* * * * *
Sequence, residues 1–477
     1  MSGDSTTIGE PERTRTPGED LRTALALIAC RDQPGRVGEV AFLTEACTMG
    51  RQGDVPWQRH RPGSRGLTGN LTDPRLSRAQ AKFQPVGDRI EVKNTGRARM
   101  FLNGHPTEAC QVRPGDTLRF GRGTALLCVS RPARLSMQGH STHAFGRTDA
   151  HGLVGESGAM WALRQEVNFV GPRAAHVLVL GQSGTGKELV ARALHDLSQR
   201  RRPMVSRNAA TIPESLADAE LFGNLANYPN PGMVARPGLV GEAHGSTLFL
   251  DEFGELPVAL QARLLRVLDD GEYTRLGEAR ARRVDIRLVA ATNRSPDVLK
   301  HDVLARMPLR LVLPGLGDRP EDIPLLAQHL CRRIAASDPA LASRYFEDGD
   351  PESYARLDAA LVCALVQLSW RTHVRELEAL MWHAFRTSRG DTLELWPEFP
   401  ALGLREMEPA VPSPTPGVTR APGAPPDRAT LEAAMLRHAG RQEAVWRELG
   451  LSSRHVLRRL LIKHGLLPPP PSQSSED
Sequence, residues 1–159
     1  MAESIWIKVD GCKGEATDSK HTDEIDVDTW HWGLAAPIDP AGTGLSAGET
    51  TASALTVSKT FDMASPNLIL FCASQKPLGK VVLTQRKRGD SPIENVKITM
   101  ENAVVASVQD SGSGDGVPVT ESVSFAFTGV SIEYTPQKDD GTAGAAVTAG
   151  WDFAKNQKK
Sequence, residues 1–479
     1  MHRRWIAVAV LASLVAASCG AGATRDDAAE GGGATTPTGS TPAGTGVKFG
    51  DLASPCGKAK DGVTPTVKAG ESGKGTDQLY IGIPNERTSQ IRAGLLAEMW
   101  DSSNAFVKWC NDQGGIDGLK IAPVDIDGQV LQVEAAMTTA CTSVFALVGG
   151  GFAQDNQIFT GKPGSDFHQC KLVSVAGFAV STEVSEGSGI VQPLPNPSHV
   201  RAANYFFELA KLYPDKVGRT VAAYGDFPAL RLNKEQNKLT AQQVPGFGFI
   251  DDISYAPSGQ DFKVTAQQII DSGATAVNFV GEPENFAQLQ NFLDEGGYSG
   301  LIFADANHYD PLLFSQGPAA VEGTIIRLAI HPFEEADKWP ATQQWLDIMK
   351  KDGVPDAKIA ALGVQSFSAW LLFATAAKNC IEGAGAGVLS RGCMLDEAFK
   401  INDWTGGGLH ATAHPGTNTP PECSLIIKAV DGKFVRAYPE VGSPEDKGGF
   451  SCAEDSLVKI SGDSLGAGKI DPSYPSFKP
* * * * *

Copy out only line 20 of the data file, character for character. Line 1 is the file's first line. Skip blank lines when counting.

   101  DSSNAFVKWC NDQGGIDGLK IAPVDIDGQV LQVEAAMTTA CTSVFALVGG